State
v.
Massenburg

Not overruled or negatively treated on appealinfoCoverage
North Carolina Court of AppealsApr 6, 2010
203 N.C. App. 374 (N.C. Ct. App. 2010)

No. COA09-719.

Filed April 6, 2010.

Wake County Nos. 07 CRS 045616, 045619, 047675.

Appeal by defendant from judgment entered 25 November 2008 by Judge Ripley E. Rand in Wake County Superior Court. Heard in the Court of Appeals 15 March 2010.

Attorney General Roy Cooper, by Assistant Attorney General Dahr Joseph Tanoury, for the State. Rudolf Widenhouse Fialko, by M. Gordon Widenhouse, Jr., for defendant-appellant.


On 25 November 2008, a jury found Anquan Lamont Massenburg ("defendant") guilty of possession with intent to sell or deliver marijuana and maintaining a place to keep controlled substances. Subsequent to the jury verdict, defendant admitted his status as an habitual felon. Defendant appeals the trial court's decision to instruct the jury on accomplice testimony and not allowing the jury to review the transcript. We find no error.

The facts relevant to defendant's appeal are as follows: On 21 August 2007, defendant Anquan Lamont Massenburg was indicted for maintaining a place to keep controlled substances, possession with intent to sell or deliver marijuana, and being an habitual felon. The case was tried at the 19 November 2008 Criminal Session of Wake County Superior Court.

On 20 June 2007, Tiffany Cross was living at 3017 Mid Pines Road in Raleigh, North Carolina. Cross lived with defendant and Pamela Brooks. Some time around noon, Cross helped defendant close a safe that contained a plastic bag filled with money. She then went to the kitchen to cook a chicken she had purchased. Cross testified that she stepped into the living room to say something to Brooks, when she "heard something outside. Someone saying get out the car, get out the car." Cross stated that defendant had gone outside the home to start his car, and when she heard what was going on outside of the house, she thought they were being robbed. Cross grabbed her cell phone, went to the back of the house, and called 911. As she called 911, she heard "pop, pop, pop." She told 911 to "hurry" because "shots are being fired." Cross hid in a closet until she heard the house door slam and defendant call for her. Cross came out of the closet and met defendant halfway down the hallway. Defendant, who had blood on his hands and was holding his stomach, was carrying the safe that Cross had previously helped him close. Cross took the safe and placed it in the attic. Cross began cleaning the house, "trying to clean up what I am thinking [defendant would] want me to clean up." Cross cleaned Pyrex containers and cooking utensils that were used to cook crack cocaine. However, the police arrived before she was able to do much cleaning, and she accompanied defendant to the hospital.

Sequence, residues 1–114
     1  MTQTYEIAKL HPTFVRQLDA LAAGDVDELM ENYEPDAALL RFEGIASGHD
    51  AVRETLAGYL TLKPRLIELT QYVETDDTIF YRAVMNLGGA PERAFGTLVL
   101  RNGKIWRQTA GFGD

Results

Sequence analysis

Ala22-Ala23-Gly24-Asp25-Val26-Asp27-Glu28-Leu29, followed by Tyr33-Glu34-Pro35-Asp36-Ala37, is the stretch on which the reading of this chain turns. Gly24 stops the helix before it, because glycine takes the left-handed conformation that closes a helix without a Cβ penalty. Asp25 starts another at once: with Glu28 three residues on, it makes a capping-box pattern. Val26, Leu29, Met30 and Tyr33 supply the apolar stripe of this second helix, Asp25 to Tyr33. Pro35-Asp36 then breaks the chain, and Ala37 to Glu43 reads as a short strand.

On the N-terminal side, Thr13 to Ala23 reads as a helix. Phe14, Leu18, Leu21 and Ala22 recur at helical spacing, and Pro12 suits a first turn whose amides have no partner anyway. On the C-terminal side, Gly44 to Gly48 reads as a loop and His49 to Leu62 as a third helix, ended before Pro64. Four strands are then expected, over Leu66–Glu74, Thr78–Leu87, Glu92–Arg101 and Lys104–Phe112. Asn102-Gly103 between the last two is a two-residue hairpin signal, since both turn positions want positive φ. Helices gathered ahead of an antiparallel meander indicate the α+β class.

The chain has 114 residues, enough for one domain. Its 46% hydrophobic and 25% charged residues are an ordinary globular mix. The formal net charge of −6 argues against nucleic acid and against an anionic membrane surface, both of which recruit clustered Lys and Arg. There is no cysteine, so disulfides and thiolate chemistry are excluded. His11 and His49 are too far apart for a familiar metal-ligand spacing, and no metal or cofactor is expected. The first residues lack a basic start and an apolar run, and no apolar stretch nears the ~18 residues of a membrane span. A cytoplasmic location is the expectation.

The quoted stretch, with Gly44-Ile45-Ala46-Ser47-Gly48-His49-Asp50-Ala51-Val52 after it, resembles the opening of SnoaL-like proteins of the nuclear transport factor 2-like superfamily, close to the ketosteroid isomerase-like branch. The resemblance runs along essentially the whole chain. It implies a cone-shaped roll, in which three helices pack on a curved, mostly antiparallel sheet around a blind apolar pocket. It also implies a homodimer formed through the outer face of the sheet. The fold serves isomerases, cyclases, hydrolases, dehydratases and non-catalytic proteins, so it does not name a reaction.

Officer Scott Booth of the Wake County Sheriff's Office arrived at the home to investigate the shooting. While walking through the residence, he saw digital scales on a small table. Officer Booth noticed a "white powdery substance" on and around the scales. Officer Booth then found a box of straight razor blades. Officer Booth believed the scales and razors were evidence of drug activity and called his sergeant. Based on Officer Booth's information, officers from the drug and vice unit obtained a search warrant for defendant's residence. Upon searching the residence, officers found ecstasy, cocaine, marijuana, additional digital scales, silver calibration weights, baking soda, and mixing utensils. A search of the attic revealed a safe with blood on it, measuring cups, strainers, mixing tools, baking soda and numerous plastic bags. The safe contained $10,968.00, numerous plastic bags, and marijuana. A search of defendant's vehicle, which was in the driveway, turned up more marijuana and digital scales.

Defendant and Cross were subsequently charged with drug offenses. Cross pled guilty to trafficking in cocaine by possession, trafficking in ecstasy by possession, maintaining a place to keep controlled substances, and possession with intent to sell or deliver marijuana. At defendant's trial, Cross testified as to the events of 20 June 2007, and further that she had previously helped defendant sell and deliver drugs. Cross also testified that her sentencing had been continued in order to allow her to provide substantial assistance, and that after she pled guilty, she had spoken with detectives about what happened on 20 June 2007.